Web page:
PSC: Issues final strategic energy assessment

Contact: Timothy Le Monds or Teresa Smith, (608) 266-9600

Energy 2014 Focuses on Preparing Wisconsin’s Electric Utilities for Meeting the Challenge of Climate Change

MADISON – The Public Service Commission of Wisconsin (PSC) has issued the final Strategic Energy Assessment – Energy 2014, which includes recommendations for a more regional and coordinated approach to energy generation, transmission and renewables planning, as the country moves closer to enacting comprehensive greenhouse gas regulation. 

In the final report, the Commission directs PSC staff to prepare a detailed statewide analysis that evaluates how Wisconsin utilities might go about cost-effectively meeting medium-term greenhouse gas reduction targets.  The staff analysis will describe potential power plant additions and retirements, possible repowering and fuel switching, and any other measures or costs that may go into complying with a national cap and trade program. This analysis will then be made available for comments from utilities and other interested stakeholders.

“Federal greenhouse gas regulations are coming,” said PSC Chairperson Eric Callisto.  “We need to have a comprehensive, least-cost strategy that will enable Wisconsin to comply with new climate change regulation in as cost-effective a manner as possible.  The analyses that we will undertake as part of Energy 2014 will, at least in part, help this state meet that challenge.”

“This report identifies the need for additional coordination in light of the landmark changes in energy regulation that are upon us,” said Commissioner Lauren Azar.  “It is a step in the right direction, but we need leaps and bounds.  The Commission needs additional authority if we are to accomplish the level of planning necessary to secure Wisconsin’s energy future.”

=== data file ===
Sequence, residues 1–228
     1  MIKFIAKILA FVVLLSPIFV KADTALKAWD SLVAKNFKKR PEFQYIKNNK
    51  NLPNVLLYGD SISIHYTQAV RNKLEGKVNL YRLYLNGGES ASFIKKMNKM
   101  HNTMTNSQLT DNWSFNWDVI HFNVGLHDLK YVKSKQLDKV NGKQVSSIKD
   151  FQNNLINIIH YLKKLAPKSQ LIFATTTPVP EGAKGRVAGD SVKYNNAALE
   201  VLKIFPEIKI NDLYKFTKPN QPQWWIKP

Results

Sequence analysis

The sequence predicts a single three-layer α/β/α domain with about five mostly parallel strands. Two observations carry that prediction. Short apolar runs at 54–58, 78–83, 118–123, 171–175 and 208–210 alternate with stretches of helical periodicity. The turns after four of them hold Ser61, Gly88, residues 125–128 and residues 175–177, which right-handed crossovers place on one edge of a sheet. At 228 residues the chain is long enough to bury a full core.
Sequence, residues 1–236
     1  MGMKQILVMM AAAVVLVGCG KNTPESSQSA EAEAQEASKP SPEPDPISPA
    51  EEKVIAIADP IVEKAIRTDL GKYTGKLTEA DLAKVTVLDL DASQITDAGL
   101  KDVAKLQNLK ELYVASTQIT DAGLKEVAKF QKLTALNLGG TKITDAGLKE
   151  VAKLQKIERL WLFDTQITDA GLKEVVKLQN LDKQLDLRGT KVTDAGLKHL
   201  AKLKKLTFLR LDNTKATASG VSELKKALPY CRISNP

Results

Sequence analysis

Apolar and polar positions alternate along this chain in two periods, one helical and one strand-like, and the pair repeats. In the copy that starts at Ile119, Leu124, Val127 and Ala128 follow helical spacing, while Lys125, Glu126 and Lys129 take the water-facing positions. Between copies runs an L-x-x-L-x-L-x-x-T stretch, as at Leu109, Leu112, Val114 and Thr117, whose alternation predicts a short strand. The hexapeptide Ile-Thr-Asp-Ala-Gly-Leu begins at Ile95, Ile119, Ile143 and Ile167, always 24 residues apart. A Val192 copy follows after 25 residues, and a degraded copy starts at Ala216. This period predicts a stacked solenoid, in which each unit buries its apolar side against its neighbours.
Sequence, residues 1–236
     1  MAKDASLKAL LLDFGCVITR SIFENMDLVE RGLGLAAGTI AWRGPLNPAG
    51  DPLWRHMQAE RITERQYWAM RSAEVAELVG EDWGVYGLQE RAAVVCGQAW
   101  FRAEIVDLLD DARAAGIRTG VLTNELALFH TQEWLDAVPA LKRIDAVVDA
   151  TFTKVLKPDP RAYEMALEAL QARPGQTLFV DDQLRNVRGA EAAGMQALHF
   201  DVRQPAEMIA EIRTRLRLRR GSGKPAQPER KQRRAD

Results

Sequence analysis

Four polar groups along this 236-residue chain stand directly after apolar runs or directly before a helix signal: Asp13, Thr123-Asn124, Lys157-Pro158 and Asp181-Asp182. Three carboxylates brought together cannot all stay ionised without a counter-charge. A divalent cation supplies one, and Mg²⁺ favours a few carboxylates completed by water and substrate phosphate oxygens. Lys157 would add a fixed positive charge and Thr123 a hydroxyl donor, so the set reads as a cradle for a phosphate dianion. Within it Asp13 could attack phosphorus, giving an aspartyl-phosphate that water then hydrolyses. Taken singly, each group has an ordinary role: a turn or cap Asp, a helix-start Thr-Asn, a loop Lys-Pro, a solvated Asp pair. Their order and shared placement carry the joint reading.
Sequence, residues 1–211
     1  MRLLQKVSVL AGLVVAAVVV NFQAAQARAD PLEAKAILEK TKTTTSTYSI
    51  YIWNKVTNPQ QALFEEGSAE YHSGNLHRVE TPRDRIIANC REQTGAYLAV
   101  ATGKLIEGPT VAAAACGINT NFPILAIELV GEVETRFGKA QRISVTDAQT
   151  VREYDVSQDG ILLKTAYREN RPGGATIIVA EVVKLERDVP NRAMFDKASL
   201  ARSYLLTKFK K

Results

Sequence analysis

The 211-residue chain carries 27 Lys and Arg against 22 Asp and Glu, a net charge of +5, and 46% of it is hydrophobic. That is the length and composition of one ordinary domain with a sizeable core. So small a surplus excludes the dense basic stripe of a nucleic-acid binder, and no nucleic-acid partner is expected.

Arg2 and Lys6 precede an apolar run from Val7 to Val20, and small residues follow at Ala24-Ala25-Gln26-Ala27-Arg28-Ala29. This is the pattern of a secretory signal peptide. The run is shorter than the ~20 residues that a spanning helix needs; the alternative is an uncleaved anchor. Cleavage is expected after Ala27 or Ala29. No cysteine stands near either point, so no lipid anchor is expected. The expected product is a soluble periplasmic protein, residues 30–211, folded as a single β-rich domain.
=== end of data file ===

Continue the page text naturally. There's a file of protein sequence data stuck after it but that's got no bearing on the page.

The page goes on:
“Energy 2014 provides a roadmap to help the Commission make decisions that ensure that our electric system is safe, reliable, affordable and respects the environment,” said Commissioner Mark Meyer. “It will be important that the commission be flexible in its analysis to ensure we account for upcoming changes in carbon legislation.”

Biennially the PSC prepares a strategic energy assessment to evaluate the state’s current and future energy demands.  The final report, based on data and information collected in 2007 and 2008 from Wisconsin utilities and power cooperatives highlights several conclusions:

* Mandatory constraints on greenhouse gas emissions at the state, regional and federal level appear to be inevitable, and will carry significant implications for Wisconsin’s electric utilities, as electric power generation is responsible for more than 30 percent of Wisconsin’s greenhouse gas emissions;

* Significant approved new generation coming online is expected to keep planning reserve margins near or above 19 percent through 2012 and based on already approved construction, the planning reserve margin for 2014 is expected to be nearly 12 percent. This number is expected to increase as more energy efficiency is implemented and new generation is proposed;

* Generation planning shows no new baseload generation is needed during this SEA period on a statewide basis;

* It is expected that the current and ongoing transmission system expansion and improvements will greatly enhance the ability to move electicity into and within Wisconsin by 2010; and

* Energy efficiency, conservation, and load control will play an important role in reducing Wisconsin’s energy costs and environmental impacts.

The final report of Strategic Energy Assessment – Energy 2014 can be found on the PSC website at